Lies – Truths in the English Court’s Judgment on the WEH Share Case

The WEH Share Case has undergone processes in Singaporean arbitration, the Hong Kong court, the English court, and the Thai courts. However, a recent point of legal and academic focus, as well as contention regarding the exercise of judicial power, is the decision by the lower court in England.

The court ruled against several defendants and me (Mr. Weerawong, specifically in a personal capacity and not representing the law firm Weerawong C&P), ordering us to pay a substantial amount in damages to Mr. Nopporn and his companies in a civil lawsuit.

This ruling is especially noteworthy because a criminal case on the same matter was already underway in the Thai court.

In this English court case, Mr. Nopporn, the plaintiff, is Thai, and almost all of the defendants are Thai. The entire facts related to the subject matter of the Plaintiff’s claim occurred in Thailand. According to legal principles related to the governing law, Thai law shall apply to the case. However, the case was filed in an English court because English law allows for cases to be filed in English courts if even one defendant is a British national (out of 17 defendants in this case, 1 is British).

The English court’s decision is merely a lower court judgment, which may be overturned on appeal. Regardless of whether it’s a lower court or higher court judgment in England, it cannot be enforced against Thai defendants in Thailand. Thus, two Thai defendants (Mr. Kasem and Mr. Pradej) did not contest the case at all because no matter the outcome, it would not affect them. However, the real target of the plaintiff is Siam Commercial Bank (SCB).

If SCB didn’t contest the case, it would be ruled against based on Mr. Nopporn’s claims, and its assets in countries where English court judgments can be enforced, namely Hong Kong and Singapore, could be seized.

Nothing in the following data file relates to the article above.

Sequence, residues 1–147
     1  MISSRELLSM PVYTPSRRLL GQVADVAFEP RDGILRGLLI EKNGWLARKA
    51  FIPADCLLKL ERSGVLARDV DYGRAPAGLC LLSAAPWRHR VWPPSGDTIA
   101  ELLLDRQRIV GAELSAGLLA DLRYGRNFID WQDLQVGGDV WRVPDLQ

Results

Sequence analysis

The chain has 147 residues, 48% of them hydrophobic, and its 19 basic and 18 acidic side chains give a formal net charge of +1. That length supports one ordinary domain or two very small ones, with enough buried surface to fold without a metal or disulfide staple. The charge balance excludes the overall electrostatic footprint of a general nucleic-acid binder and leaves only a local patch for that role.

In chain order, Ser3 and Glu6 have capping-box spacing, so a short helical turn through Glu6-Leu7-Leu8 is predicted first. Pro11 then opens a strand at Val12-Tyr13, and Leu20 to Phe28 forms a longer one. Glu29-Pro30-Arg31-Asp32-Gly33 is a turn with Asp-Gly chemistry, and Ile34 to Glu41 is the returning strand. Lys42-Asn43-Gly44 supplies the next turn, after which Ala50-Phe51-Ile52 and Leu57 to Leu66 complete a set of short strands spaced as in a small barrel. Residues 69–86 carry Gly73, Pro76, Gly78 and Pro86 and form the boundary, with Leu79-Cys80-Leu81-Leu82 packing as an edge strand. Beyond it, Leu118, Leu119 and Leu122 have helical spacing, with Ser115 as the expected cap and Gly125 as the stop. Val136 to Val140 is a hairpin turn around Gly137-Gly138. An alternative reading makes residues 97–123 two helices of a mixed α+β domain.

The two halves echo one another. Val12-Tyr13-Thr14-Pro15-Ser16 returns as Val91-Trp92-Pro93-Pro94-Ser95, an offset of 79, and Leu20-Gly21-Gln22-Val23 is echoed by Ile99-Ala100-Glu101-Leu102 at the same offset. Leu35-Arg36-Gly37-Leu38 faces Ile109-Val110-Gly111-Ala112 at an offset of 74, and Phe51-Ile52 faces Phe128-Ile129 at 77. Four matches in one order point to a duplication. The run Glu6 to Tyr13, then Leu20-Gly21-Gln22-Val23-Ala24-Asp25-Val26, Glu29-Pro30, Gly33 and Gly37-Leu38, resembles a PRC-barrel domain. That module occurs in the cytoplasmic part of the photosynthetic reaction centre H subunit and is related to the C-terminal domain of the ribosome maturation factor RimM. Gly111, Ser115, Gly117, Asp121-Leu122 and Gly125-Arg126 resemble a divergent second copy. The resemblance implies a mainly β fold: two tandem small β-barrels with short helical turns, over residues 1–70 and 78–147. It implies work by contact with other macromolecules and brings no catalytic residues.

Hence, I, along with other Thai defendants (except Mr. Kasem and Mr. Pradej), had to fight the case to provide information about SCB’s loan to the WEH group (which is the central issue accusing SCB and other defendants) to prove its legitimacy. Eventually, the English court dropped the charges against SCB and Mr. Arthid (the ex-CEO).

In this English lawsuit, Mr. Nopporn has the support of a ‘dispute trader’ named Harbour Litigation Funding, which has shouldered all the expenses. The amount they invested is surprisingly high. However, the dispute trader Harbour Litigation Funding will share in the benefits if Mr. Nopporn wins the case substantially.

Such operations are typical business activities for Harbour Litigation Funding, which is one of the largest private dispute trader entities in the world.

However, such practices of financing lawsuits in Thailand for the benefit of cases in which they have no involvement are not permitted under Thai law. The dispute trader Harbour Litigation Funding has previously supported cases where Thai companies were sued overseas and has reaped significant profits.

💡 Truths in the English Court’s Judgment on the WEH Share Case 💡

✏️ Between the years 2011-2012, Mr. Nopporn was prosecuted in Thailand for embezzlement. The Court of First Instance sentenced him to 78 months in prison. Upon appeal, the sentence was upheld but reduced to 56 months. Mr. Nopporn has since appealed to the Supreme Court, but a verdict of the Supreme Court has not been reached yet.

✏️ On December 1, 2014, Mr. Nopporn fled Thailand after committing another offense. Since he did not defend himself, he was labeled as an accused in accordance with an arrest warrant issued under Article 112 of the Thai Penal Code. The charges, unrelated to politics, pertain to “colluding to commit bodily harm on another … with weapons and the collusion involves five or more individuals.” The motivation for this seems to stem from Mr. Nopporn’s dissatisfaction with an individual who had sued him for embezzlement.

✏️ At that time, Mr. Nopporn’s companies held roughly more than 50% of shares (through REC) in WEH, a company responsible for executing eight wind power projects in Thailand. Out of these, two projects had been successfully completed.

✏️ SCB, the bank that provided loans for the first two WEH projects and had a financing agreement for WEH’s third project named Watabak, refused to allow the Watabak project to draw down (as per its rights under the financing agreement and following SCB’s policy). This was because Mr. Nopporn, a major shareholder of the company (through REC), became an accused under Article 112 related to colluding in assault and fled the country without defending himself against the arrest warrant (which isn’t politically motivated).

✏️ In mid-2015, Mr. Nopporn’s companies sold all their shares, totaling 100% of REC, to companies owned by Mr. Nop. This sale was initiated to extricate Mr. Nopporn from being an indirect shareholder of WEH. If this step wasn’t taken, there would have been significant issues as SCB and other banks would refuse to grant loans to WEH. Specifically, the Watabak project would face severe problems, which would impact the success of the remaining five projects and drastically reduce the value of WEH’s shares.